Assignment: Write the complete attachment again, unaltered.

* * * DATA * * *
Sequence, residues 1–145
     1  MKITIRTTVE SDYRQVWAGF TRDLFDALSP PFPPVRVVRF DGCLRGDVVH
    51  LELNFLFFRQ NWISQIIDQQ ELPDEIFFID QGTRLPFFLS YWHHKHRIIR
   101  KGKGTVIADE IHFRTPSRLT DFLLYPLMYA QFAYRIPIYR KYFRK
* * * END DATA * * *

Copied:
Sequence, residues 1–145
     1  MKITIRTTVE SDYRQVWAGF TRDLFDALSP PFPPVRVVRF DGCLRGDVVH
    51  LELNFLFFRQ NWISQIIDQQ ELPDEIFFID QGTRLPFFLS YWHHKHRIIR
   101  KGKGTVIADE IHFRTPSRLT DFLLYPLMYA QFAYRIPIYR KYFRK